Stopping Drama in Its Tracks
“Finger-pointing (blame) and power struggles are the two most common types of office drama. And many times the two are entwined,” observes Debbie Varney, senior consultant for DeemHR in Charleston, West Virginia. Office drama negatively impacts everyone in your branch. It can wreck teamwork, morale, productivity, employee retention, and even client service. So how do you stop the drama?
“Removing the ‘third rail’—generally the supervisor or manager—can stop office drama in its tracks,” Varney says. “Many times managers want to swoop in with their capes and fix everything. Even though things may feel better for the short term, this approach doesn’t work long term. Enabling employees to work things out together in an exercise as a teaching tool of how to make things work is a better, longer lasting solution.”
Leadership Style Matters
Two situations that invite office drama are when:
“Some managers actually use this as a type of management style. But all it does is breed ill will and discontent within an employee. Then it surfaces outward toward others in the office,” Varney says. “Effective leadership takes time and effort. Training and education of your employees can go a long way in avoiding office drama. Effective, non-judgmental communication is the very key to unlocking office drama.”
Trifecta for Prevention
To deter drama, Varney advises suggests the following three strategies:
1. Hire the right people for the job. Place people in positions which are a good match and let them succeed. If it isn’t a good match, you are setting the employee and yourself up for potential drama. “Pre-employment assessments are at the top of DeemHR’s recommendation list,” Varney says. “Pre-employment assessments can help managers decide if a prospective employee has ‘the right stuff’ for a position or the work environment. Assessments can be specific to a position. For example, a teller needs to have both attention to detail and a demeanor of helpfulness toward clients.”
Assessments can also help determine the group dynamics and help management assess potential in current employees such as whether they trend toward sales or service. Getting the right person for the right job applies to promotions, too. Just because an employee can really do their job well doesn’t mean they can supervise others doing it. When promoting people into supervisory positions, make sure they have the necessary skills and assess their ability to lead others, not control others.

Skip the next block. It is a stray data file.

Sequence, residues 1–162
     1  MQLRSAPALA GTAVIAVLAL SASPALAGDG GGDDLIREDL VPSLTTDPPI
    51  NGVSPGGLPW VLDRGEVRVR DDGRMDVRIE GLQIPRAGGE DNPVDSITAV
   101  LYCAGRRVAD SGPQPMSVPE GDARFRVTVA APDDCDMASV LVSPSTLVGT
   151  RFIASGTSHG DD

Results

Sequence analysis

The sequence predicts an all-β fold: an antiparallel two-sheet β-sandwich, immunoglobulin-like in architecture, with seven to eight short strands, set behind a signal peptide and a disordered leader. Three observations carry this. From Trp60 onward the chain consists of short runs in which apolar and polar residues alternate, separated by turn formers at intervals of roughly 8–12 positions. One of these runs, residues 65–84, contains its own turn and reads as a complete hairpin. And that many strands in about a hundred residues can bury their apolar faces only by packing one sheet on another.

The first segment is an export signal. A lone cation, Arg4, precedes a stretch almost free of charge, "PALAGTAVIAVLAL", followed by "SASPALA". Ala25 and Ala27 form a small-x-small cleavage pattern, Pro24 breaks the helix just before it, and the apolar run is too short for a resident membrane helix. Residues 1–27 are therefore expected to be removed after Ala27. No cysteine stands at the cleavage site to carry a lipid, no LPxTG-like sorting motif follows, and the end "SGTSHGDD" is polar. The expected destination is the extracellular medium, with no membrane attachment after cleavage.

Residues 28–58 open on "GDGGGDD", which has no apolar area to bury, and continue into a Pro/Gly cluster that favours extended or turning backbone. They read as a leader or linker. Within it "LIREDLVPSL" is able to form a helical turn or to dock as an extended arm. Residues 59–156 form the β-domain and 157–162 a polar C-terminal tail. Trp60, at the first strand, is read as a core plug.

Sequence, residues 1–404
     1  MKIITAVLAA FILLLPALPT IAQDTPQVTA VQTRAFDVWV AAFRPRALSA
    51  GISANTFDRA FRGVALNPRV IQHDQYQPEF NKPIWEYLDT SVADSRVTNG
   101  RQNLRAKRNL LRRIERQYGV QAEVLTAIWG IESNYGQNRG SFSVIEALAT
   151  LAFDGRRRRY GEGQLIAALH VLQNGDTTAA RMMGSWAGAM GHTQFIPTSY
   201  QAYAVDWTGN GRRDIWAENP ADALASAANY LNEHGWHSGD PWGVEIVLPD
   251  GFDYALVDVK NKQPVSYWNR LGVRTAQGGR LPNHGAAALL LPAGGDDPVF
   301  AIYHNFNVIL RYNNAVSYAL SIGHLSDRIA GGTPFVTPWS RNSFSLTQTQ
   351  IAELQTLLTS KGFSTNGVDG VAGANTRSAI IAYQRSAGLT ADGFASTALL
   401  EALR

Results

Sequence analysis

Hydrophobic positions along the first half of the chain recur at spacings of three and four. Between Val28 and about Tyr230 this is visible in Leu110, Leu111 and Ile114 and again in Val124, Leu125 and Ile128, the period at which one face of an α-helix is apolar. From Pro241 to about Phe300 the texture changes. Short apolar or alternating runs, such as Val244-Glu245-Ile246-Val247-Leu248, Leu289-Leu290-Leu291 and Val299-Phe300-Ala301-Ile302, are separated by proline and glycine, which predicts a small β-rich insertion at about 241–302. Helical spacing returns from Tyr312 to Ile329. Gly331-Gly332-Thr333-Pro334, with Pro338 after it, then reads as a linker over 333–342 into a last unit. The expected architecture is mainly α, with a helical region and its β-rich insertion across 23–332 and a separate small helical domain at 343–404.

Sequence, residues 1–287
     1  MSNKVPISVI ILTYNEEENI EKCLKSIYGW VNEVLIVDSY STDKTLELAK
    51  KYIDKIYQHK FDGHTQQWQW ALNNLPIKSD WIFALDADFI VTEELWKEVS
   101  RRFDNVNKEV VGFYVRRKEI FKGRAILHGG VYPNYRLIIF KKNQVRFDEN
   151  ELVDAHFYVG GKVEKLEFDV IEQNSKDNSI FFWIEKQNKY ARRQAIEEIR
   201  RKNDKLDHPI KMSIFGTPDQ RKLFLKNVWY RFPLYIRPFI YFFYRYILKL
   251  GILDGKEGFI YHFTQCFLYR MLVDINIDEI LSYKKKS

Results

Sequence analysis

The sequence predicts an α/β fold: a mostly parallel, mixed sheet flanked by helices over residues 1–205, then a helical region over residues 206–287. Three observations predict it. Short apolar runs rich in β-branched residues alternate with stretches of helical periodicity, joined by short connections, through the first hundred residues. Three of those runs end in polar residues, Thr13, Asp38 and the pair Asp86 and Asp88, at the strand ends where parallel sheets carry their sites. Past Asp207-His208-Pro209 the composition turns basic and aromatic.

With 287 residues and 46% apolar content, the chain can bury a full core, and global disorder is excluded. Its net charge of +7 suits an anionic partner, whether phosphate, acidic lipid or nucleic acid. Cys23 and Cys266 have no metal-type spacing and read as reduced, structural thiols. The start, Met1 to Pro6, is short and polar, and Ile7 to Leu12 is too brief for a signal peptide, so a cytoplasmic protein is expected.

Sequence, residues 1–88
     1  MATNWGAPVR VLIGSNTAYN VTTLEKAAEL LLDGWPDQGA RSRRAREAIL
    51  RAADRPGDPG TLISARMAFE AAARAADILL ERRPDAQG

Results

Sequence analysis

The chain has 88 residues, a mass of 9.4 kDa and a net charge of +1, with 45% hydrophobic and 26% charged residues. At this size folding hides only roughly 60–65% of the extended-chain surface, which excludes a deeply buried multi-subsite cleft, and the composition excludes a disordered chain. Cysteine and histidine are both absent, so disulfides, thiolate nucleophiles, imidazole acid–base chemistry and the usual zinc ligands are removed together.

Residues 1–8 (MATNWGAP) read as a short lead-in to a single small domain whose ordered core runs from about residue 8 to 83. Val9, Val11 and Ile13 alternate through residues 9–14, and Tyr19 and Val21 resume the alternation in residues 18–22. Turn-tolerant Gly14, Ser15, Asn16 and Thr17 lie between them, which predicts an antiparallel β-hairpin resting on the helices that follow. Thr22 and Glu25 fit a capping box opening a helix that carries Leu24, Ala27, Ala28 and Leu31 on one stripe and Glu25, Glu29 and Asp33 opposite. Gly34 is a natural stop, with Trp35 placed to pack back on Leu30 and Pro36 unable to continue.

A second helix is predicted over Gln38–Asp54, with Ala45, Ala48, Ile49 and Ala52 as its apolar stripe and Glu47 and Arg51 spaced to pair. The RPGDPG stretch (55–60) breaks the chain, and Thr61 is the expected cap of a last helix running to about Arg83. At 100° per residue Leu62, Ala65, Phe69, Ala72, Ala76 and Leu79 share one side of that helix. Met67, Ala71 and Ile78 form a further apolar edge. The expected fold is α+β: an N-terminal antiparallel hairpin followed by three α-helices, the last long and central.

Tip: Leading others at its core is teaching others, whether by example or helping the employee to learn through other methods. “Controlling is like herding cattle. The cattle never learn anything but to do what the herdsman tells them to do,” Varney says. “Leading is the difference between managing and micromanaging—the latter will wear you down over time.”
2. Communicate, communicate, communicate! Open and honest communication is a major factor in preventing office drama. Honesty is the best policy and this means being honest with yourself, too. “When it comes to performance or other office issues, telling white lies to avoid hurt feelings doesn’t serve anyone well,” Varney says. “Most employees know when things aren’t going well, even if they aren’t involved.”
By focusing on the job description, you can tell the truth without being personal. Make sure the job description is well written and contains information that states specific performance goals. For example, run monthly statistics reports with a 95% accuracy rate. Then when a problem arises, state the facts and don’t make a judgment for or against the employee. Active listening can help uncover nearly any issue.
What about situations where you can’t reveal everything? For instance, you know a merger is pending and the rumors are flying. But you’re not authorized to tell what you know. “These are times when the real leader can be born. Leaders don’t sit back and do nothing; they lead by example. If asked about the rumors, be honest and say, “I’m not authorized to discuss it.” Rumors, fear, and panic are emotions that are not conducive to the work environment or on a personal level of making major decisions,” says Varney.
3. Value everyone on the team. Understand and appreciate everyone for their role in making the organization or department a success. “Often drama occurs when one or more people aren’t ‘working together’ to achieve positive results. Many times employees don’t understand how their work affects others,” says Varney.
You can avoid drama by realizing that every team member is valuable and making sure everyone knows how each person’s work affects another. Varney offers these tips:
Prior to joining DeemHR (www.DeemHR.net) Debbie Varney worked in banking positions from teller to branch manager before joining the HR department. This story appeared in Branch Manager’s Letter at www.branchmanagersletter.com and is reprinted with permission. Contact publisher Lana J. Chandler at 304-343-0206 or Lana@BranchManagersLetter.com.
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